There was worrying – but unsurprising – news from YoungMinds this week that the majority of councils have cut their Child and Adolescent Mental Health Services (CAMHS) budgets since 2010. This can only be storing up problems for the future – for young people and mental health services.
While YoungMinds only received 51 responses from local authorities to its Freedom of Information Request on funding for CAMHS since 2010, 34 of those said they had cut their relevant budgets. One council reported a massive 76% reduction in its CAMHS budget.
If this pattern is repeated among all councils – and it is likely that it will be, given many have had to make swingeing budget cuts in the past couple of years – then hundreds of thousands of children and young people may not be getting the services they need. After all, 1 in 10 children aged 5-16 in the UK – about 850,000 – has a diagnosable mental health disorder.
This is hugely worrying. As Sarah Brennan, chief executive of YoungMinds, said, early intervention is vital in order to identify problems quickly before they worsen and before referrals for more specialist services are needed.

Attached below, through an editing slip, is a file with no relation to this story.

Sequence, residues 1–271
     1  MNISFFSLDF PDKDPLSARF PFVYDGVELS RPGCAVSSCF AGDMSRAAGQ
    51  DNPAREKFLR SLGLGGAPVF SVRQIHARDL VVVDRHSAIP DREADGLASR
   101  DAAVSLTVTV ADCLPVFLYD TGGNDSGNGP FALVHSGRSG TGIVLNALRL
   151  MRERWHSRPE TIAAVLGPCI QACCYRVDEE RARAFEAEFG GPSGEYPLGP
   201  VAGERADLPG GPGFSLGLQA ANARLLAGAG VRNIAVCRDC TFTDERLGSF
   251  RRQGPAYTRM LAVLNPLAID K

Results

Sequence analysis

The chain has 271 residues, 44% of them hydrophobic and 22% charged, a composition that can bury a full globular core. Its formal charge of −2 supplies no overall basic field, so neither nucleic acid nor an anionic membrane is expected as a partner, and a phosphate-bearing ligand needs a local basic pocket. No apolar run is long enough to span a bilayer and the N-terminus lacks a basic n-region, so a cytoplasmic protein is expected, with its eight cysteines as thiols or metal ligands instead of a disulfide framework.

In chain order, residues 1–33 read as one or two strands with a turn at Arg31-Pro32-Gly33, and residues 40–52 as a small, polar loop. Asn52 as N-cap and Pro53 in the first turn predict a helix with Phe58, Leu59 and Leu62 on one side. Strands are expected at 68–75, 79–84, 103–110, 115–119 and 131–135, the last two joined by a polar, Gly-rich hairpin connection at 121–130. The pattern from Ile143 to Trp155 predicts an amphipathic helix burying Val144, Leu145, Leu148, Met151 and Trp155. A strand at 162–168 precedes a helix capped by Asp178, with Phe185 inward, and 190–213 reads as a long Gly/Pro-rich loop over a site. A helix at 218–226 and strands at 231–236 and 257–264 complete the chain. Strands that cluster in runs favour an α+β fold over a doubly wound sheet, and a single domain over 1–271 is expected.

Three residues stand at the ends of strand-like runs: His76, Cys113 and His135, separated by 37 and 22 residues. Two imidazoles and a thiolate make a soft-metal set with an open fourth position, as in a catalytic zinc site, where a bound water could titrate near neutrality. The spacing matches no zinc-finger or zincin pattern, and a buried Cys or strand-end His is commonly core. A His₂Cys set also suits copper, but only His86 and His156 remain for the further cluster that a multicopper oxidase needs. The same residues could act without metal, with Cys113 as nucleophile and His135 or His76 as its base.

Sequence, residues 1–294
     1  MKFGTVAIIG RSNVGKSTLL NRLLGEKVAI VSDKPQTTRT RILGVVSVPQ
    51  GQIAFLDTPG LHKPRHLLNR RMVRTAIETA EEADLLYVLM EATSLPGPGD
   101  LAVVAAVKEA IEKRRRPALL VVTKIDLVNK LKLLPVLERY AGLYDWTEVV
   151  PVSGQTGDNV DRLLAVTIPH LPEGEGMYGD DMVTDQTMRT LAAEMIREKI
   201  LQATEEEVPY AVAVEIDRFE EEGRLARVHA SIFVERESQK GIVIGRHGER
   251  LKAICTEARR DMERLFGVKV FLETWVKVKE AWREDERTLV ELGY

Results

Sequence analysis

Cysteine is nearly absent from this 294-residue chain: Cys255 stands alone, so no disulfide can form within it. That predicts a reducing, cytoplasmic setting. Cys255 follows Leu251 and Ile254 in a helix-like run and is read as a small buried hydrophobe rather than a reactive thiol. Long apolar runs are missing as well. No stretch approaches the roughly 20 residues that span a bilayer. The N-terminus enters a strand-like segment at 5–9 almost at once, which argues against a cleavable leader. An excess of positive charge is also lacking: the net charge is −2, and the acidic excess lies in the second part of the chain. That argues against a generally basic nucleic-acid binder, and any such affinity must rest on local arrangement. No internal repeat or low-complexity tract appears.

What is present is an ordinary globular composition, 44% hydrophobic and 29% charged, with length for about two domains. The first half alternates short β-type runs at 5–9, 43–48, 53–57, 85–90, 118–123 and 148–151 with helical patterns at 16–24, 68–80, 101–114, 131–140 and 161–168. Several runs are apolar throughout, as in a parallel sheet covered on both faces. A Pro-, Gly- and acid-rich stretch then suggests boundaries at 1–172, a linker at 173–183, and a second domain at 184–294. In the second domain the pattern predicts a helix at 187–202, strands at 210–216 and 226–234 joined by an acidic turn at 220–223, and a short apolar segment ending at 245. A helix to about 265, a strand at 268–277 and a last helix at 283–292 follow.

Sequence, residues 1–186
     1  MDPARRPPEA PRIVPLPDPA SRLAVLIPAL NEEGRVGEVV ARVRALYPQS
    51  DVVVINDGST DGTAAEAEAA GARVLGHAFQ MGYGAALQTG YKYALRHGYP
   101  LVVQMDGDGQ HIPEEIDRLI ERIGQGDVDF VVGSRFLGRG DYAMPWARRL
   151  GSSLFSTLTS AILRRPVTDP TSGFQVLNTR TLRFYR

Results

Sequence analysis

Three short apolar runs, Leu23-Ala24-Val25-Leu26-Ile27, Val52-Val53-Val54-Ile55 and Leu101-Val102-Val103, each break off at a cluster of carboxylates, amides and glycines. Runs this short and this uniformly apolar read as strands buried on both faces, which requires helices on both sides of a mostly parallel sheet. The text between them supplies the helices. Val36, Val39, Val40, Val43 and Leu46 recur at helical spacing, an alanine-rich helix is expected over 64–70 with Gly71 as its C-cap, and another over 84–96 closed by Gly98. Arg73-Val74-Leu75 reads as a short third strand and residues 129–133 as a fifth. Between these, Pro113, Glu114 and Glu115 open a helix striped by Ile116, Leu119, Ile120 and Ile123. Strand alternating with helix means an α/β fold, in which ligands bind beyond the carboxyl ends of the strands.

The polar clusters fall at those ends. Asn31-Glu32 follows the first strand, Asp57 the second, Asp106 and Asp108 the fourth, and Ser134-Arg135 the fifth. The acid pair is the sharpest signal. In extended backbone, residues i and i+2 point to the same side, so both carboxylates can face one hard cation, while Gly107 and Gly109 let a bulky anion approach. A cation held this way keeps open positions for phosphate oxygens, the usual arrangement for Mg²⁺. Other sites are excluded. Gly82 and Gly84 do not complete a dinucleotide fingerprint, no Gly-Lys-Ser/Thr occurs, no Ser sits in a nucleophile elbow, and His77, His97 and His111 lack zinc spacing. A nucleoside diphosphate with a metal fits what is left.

“As well as reducing the suffering that young people may be experiencing, intervening early also reduces the need for more expensive forms of treatment when problems become more serious and entrenched," she said.
I think that sums things up pretty neatly. I’d only add that it is well known that more than half of all adults with mental health problems were diagnosed in childhood, but less than half were treated appropriately at the time.
Of course, these cuts also go against the principles set out in the foreword of the Government’s mental health strategy ‘No Health without Mental Health’. It says: “By promoting good mental health and intervening early, particularly in the crucial childhood and teenage years, we can help to prevent mental illness from developing and mitigate its effects when it does.”
Cutting CAMHS budgets does neither. There are some great people doing all they can in CAMHS teams around the country, but they can only do so much with the resources they have, or rather don’t have.
These figures add to fears that the talk from Government about promoting good mental health in childhood and teenage years is just rhetoric. While £50 million has been pumped into talking therapies for young people in recent years, which is a welcome boost, it does not make up for cuts in other areas.
If this issue is not addressed, it will only create more problems in the future. It could end up costing Governments much more in providing later treatment in primary and secondary care. But, more important than that, is the human cost of young people not getting the treatment they need, when they need it and ending up with greater problems, as a result.